Sorry to be late today, and not to have any Commonplace offerings for the week. I do have a treat, though. Feast your eyes on this exquisite piano, a Pleyel made in 1890 (and yours, I’m told, for a mere $175,000) — an instrument that Proust might have seen and heard. You’ll have to take my word for it that the piano sounds at least as good as it looks; in fact, it sounded perfect, yesterday, at an informal lunchtime recital of French chansons (Ravel, Fauré, Debussy). Plans to make a recording of these beautiful songs, using this very piano, are in the offing, and I shall pass on the details as they emerge. For the moment, let the piano upstage the artists.
Why nothing for the Commonplace? Looking back over the week, I recall a lot of magazines, beginning on Sunday. Also, I read Jane Gardam’s 1985 novel, Crusoe’s Daughter — which has just been published by Europa. I’ve read four of Gardam’s novels now, Old Filth (“Filth,” by the way, is an acronym for “Failed in London: Try Hongkong”), The Queen of the Tambourine, God on the Rocks, and this new/old one. I have not read Faith Fox or The Man in the Wooden Hat, both of which I have here somewhere. Gardam is an interesting novelist partly because she still has very little presence in the United States; you will not be reading about her in the book reviews or in The New Yorker. You will not be reading her in The New Yorker; if there is still some sort of house style at that magazine, then Gardam still doesn’t fit it. Having read nothing but British fiction for well over six months now, I shocked by the first few pages of Crusoe’s Daughter; they’re so unlike what one would encounter at the beginning of Elizabeth Taylor or Tessa Hadley. After a while, I began to be aware that the novel was not just set in Yorkshire but set there, on the marshy coast of the “German Sea.” I remembered that the author was born in Yorkshire. And I thought of Shirley, Charlotte Brontë’s irregular but satisfying novel for adults. I haven’t been to Yorkshire myself, but it has a certain literary reputation as a place of some wildness. The wildness of Crusoe’s Daughter (Defoe’s hero hailed from Hull, also in Yorkshire) lies all in the writing. It is the beautiful wildness of a lithe, dangerous animal. There is nothing sad or defeating in Gardam’s heartbreaks. They are, on the contrary, truly awful.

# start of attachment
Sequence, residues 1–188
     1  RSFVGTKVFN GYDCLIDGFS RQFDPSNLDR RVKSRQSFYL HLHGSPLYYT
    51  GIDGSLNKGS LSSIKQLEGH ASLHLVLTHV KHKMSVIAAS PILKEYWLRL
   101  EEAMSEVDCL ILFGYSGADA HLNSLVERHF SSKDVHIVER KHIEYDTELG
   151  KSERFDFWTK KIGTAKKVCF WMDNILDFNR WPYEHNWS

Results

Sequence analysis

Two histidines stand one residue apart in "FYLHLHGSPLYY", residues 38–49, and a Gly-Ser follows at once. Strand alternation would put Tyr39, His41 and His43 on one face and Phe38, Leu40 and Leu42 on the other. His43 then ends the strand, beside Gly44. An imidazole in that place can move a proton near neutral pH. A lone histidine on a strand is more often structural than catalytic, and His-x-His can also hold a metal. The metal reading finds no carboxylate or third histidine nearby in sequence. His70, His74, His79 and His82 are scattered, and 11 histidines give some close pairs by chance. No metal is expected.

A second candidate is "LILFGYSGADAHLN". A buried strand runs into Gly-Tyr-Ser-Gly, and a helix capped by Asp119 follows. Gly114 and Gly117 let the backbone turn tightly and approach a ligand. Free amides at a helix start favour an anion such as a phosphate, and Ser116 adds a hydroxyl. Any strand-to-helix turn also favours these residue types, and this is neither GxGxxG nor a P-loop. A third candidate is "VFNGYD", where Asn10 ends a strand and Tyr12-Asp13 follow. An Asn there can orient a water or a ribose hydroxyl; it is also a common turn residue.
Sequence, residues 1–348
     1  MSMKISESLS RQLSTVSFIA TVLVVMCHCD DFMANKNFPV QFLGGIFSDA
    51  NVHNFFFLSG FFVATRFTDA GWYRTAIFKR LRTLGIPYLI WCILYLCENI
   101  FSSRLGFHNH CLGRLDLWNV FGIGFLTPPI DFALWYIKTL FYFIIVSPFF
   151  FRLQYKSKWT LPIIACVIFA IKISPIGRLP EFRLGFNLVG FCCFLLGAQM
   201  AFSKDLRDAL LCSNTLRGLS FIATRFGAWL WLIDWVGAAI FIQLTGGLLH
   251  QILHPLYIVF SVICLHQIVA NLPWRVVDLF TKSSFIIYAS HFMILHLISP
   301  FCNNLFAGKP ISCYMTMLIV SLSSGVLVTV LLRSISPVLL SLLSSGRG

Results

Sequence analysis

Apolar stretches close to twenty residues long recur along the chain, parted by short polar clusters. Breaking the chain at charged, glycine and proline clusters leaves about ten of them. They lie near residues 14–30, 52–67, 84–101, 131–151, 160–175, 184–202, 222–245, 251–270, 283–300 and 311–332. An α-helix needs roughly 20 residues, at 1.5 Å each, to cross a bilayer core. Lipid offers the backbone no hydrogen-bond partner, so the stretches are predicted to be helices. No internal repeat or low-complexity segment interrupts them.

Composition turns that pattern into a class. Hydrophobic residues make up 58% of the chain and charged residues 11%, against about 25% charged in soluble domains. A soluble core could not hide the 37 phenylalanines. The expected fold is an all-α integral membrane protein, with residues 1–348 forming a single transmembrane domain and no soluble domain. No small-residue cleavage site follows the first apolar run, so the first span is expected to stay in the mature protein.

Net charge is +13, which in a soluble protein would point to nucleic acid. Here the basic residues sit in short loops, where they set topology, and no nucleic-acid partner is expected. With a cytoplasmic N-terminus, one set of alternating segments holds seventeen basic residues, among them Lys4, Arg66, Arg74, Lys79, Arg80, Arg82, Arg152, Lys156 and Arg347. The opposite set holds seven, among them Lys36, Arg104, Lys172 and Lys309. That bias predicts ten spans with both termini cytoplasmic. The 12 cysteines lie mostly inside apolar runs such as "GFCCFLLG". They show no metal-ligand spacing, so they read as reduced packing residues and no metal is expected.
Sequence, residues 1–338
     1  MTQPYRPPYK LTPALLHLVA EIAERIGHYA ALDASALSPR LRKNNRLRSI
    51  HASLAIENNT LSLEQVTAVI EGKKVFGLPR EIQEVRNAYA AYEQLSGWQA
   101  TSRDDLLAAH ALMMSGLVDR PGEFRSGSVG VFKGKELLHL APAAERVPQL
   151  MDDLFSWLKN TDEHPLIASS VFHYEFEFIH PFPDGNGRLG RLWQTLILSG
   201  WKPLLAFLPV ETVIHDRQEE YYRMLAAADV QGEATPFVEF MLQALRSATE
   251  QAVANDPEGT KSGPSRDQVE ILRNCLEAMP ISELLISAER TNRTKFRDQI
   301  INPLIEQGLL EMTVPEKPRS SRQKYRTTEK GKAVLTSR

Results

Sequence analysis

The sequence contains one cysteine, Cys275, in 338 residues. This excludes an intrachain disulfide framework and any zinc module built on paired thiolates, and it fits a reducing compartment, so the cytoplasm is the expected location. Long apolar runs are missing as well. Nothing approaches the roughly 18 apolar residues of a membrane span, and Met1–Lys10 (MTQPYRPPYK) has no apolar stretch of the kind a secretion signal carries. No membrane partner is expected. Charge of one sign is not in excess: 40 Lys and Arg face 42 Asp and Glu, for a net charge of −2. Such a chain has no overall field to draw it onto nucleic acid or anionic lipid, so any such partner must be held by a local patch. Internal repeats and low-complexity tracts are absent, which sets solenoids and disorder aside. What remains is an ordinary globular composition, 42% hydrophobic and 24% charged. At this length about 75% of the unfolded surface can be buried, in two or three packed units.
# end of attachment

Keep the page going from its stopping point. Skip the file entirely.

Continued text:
Here shortly before World War I, Polly Flint, the title character, is brought by a family friend to his large estate near the banks of the Ouse. His sister, Lady Celia, is, we will learn, a fierce aesthete, playing the hostess to the likes of Virginia Woolf and detesting the local Jewish magnates not out of anti-Semitism but because they’re philistines. It is difficult to tell, in the following introduction, which is the bird of prey.
On a yellow silk sofa someone was lying. There was a blaze in the grate of a wood fire that never goes out, and there was also the smell of something else, very sweet. Pot-pourri — there was a heap of it in a great dish — but it wasn’t that. All I could make out on the sofa was drapery and a movement of white hands and a sense of eyes watching me.
“‘lo Celia. Back home. Polly. Polly Flint.” Mr Thwaite did the great harumming of the throat and moved to the window. There was a valedictory atmosphere about him. I have done what I have done. I have gone through with it. He looked at the sky. “Splendid day,” he said. “Very poor at Oversands. Continuous rain. Very disappointing.”
“Flint. Emma’s. Flint. Polly. Come for a little break.”
“Flint,” said the voice. “Well — Arthur. On your own? Arthur ring the bell. Polly Flint. Come over here.”
On the sofa lay a tiny woman dressed in silk. Pampas grasses in a tall jar bowed over her head like a regal awning. Her face was thickly painted — bright red mouth and cheeks. Her eyelids and brows were painted andher very black straight hair was pulled tight back across the skull like a Dutch doll, and looked painted, too. Her neck was not much thicker than a wrist and her ears glittering with round topazes were little and pretty like noisettes of lamb.
Her hands were very, very old and had veins standing on them but they were soft and unused, not as small as all that. Rather determined hands. She held one bravely out — it looked ready to drop with the weight of more topazes.
“But do come nearer.”
She examined my clothes one by one — hat to gaiters. She saw my pelisse, cut down from Aunt Frances’s and very special; I had worn it at the wedding. It was draped over my childish serge coat. She seemed to count the buttons down my calves and almost ate the big plate hat. She looked lower and I rememebered that there was an uncertainty about my left knicker elastic which I had meant to see to before I left.
“Thought of cinnamon scones,” said Mr Thwaite. “About tea-time?” We arrive upon our hour.”
“Polly Flint,” said (presumably) his sister. “How very interesting. How pretty Emma’s girl. Not at all like Emma. Very different — except perhaps for the cheek-bones. How very sensible of you Arthur. Has she come for a visit?”